Researchers have recovered yet more ingots, possibly of the fabled metal orichalcum, from a ship that sank off the coast of Sicily around 2,600 years ago. The find has led some to ponder whether the mythical island of Atlantis, where the legendary alloy was supposed to have been created, was real. The shipwreck, however, dates to about seven millennia later than the legend of Atlantis.
In 2015, researchers diving near the shipwreck found 39 ingots of a copper, zinc, and charcoal alloy that resembles brass. They believe it may be the ancient metal orichalcum. The new cache of the same metal consists of 47 ingots.
Some of the orichalcum ingots found near a 2,600-year-old shipwreck off the coast of Sicily. (Superintendency of the Sea, Sicily)
While the metal is rare, it is not as precious as researchers expected from reading ancient Greek philosopher Plato’s description of it in the Critias dialogue. Plato said only gold was a more precious substance than orichalcum.
Plato said only gold was a more precious substance than orichalcum. Here are two of the recently discovered ingots. (Sebastiano Tusa/ Superintendency of the Sea, Sicily)
Several ancient thinkers mention the alloy in writings - as far back as Hesiod in the 8th century BC. Until 2015, the metal had never been found in any appreciable quantities, says an article about the find on Seeker.com. Scholars have debated the origin and composition of orichalcum for a long time.
The shipwreck was found near two others about 1,000 feet (305 meters) off the coast of the Sicilian city of Gela. The wrecks were submerged in about 10 feet (3 meters) of water. Researchers think the ship went down in a storm, while close to the port.
Underwater archaeologists and some of the other artifacts found at the site. (Superintendency of the Sea, Sicily)
"The waters there are a priceless mine of archaeological finds," Adriana Fresina told Seeker.com. She works with archaeologist Sebastiano Tusa, Sicily’s superintendent of the seas.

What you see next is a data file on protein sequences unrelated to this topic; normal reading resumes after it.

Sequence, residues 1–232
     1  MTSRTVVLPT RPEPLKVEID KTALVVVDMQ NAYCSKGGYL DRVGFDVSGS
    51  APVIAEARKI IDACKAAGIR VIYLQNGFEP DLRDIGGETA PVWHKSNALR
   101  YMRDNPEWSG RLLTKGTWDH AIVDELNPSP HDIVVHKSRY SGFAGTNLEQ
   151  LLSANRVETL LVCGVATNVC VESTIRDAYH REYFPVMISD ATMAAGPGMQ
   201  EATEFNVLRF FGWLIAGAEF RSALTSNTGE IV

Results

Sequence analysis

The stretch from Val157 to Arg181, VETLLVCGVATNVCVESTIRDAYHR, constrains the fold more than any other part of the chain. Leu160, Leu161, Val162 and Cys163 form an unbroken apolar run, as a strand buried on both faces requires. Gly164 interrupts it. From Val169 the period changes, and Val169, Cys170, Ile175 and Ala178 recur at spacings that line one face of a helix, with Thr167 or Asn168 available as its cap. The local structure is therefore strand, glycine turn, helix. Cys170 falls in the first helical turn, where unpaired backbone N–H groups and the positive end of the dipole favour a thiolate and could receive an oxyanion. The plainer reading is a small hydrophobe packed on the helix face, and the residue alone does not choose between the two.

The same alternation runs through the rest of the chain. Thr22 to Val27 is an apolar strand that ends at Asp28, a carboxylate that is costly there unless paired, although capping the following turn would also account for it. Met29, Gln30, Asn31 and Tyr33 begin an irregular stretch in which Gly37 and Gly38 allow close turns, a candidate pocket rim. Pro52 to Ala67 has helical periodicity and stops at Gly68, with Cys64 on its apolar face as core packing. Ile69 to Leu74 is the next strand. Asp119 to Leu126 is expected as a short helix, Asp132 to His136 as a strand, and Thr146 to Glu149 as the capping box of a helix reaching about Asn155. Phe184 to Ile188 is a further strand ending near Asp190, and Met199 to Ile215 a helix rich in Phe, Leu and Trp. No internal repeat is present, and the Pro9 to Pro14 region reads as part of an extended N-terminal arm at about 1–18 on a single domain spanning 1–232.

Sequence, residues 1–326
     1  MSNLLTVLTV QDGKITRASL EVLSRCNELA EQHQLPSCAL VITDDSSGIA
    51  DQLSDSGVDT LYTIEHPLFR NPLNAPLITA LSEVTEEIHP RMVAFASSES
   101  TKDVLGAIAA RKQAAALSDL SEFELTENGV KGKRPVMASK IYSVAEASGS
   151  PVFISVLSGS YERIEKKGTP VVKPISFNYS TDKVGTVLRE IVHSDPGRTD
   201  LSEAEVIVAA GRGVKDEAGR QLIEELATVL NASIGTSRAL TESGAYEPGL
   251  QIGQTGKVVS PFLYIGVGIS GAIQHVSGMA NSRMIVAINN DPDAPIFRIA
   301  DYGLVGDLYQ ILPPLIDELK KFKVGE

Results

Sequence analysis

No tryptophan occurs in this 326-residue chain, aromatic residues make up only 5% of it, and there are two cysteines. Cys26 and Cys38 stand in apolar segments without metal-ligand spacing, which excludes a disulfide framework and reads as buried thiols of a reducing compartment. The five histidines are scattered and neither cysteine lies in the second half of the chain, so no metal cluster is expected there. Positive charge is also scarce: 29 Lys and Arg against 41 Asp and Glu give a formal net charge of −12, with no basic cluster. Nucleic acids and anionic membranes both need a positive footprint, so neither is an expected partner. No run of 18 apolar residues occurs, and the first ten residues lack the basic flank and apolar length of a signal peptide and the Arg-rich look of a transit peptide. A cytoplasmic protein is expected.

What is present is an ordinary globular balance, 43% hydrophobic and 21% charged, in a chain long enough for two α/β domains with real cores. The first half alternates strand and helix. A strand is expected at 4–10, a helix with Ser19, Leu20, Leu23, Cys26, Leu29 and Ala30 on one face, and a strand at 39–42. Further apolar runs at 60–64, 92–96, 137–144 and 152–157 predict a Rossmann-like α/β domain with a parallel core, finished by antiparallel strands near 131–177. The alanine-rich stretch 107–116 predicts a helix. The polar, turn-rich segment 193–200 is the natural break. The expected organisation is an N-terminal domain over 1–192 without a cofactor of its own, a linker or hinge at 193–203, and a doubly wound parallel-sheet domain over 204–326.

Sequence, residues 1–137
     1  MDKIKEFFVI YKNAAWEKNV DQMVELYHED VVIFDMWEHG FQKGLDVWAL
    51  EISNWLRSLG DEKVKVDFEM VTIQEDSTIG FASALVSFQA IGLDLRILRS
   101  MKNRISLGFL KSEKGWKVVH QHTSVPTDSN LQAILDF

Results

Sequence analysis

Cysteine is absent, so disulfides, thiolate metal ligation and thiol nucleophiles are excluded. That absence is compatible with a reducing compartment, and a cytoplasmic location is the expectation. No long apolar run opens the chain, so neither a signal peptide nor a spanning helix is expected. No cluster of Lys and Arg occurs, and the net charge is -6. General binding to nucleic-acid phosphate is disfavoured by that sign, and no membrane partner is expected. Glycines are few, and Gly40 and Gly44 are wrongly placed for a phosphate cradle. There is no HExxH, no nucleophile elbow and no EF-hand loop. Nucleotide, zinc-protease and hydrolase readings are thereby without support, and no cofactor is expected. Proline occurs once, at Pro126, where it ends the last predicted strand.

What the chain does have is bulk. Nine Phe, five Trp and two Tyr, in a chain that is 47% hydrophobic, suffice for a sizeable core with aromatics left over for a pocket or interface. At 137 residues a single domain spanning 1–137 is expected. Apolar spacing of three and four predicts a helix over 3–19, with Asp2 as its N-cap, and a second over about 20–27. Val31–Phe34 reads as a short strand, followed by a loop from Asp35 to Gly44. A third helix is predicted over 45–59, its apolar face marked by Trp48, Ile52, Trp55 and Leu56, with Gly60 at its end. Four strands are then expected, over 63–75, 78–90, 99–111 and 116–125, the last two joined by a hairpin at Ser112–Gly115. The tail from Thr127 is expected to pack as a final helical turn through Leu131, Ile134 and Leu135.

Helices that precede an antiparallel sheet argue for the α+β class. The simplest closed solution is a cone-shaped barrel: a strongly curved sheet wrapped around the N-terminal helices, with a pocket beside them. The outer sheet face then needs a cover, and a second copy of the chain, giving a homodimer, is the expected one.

Greek myth says Cadmus, a Phoenician and the first king of Thebes, invented orichalcum.
Cadmus, the Greek mythological figure who is said to have created orichalcum. (Public Domain)
Christos Djonis wrote an article for Ancient Origins in 2015 about the find of the 39 ingots and said of a news reports at that time:
“… unfortunately, none of the stories exposed anything new on Atlantis, or on the ‘mystical’ ore, as one reporter called it. Essentially, every editorial capitalized on repeating the same familiar story, raising the usual questions, and sadly arriving at the same past conclusions. Nothing new! As for the particular freight, most reporters connected it to Atlantis, as if Atlantis was around during the Bronze Age (thus, misleading everyone not so familiar with the story) and ignoring the fact that according to Plato, the story of Atlantis took place around 9,600 BC.
Artist’s representation of Atlantis. (Source: BigStockPhoto)
Djonis writes that the orichalcum cargo likely originated on Cyprus, another island in the Mediterranean. Every known alloy containing copper has been produced, including orichalcum, on Cyprus since the 4th millennium BC.
Plato wrote that orichalcum covered the walls, columns and floors of Poseidon’s temple. He wrote the only metal that surpassed it in value was gold. "The outermost wall was coated with brass, the second with tin, and the third, which was the wall of the citadel, flashed with the red light of orichalcum," Plato wrote. Poseidon’s laws were also inscribed onto a pillar of orichalcum, according to Plato.
The city of Gela on Sicily was rich and had many workshops that produced fine objects. Researchers believe the orichalcum pieces were en route to those workshops for use in decorations and fashion objects.
Altogether, the researchers have discovered 47 new ingots of varying sizes and shapes. (Sebastiano Tusa, Soprintendenza del Mare-Regione Sicilia)
Apart from this metal, the shipwreck also yielded two bronze Corinthian helmets.
“The presence of helmets and weapons aboard ships is rather common. They were used against pirate incursions,” Tusa told Seeker.com. “Another hypothesis is that they were meant to be an offer to the gods.”
The Corinthian helmets. (Salvo Emma, Soprintendenza del Mare-Regione Sicilia)
Tusa and his colleagues are still at work on the shipwreck and expect to recover more cargo.
Top Image: Some of the orichalcum ingots and the two Corinthian helmets found near a 2,600-year-old shipwreck off the coast of Sicily. Source: Superintendency of the Sea, Sicily
By Mark Miller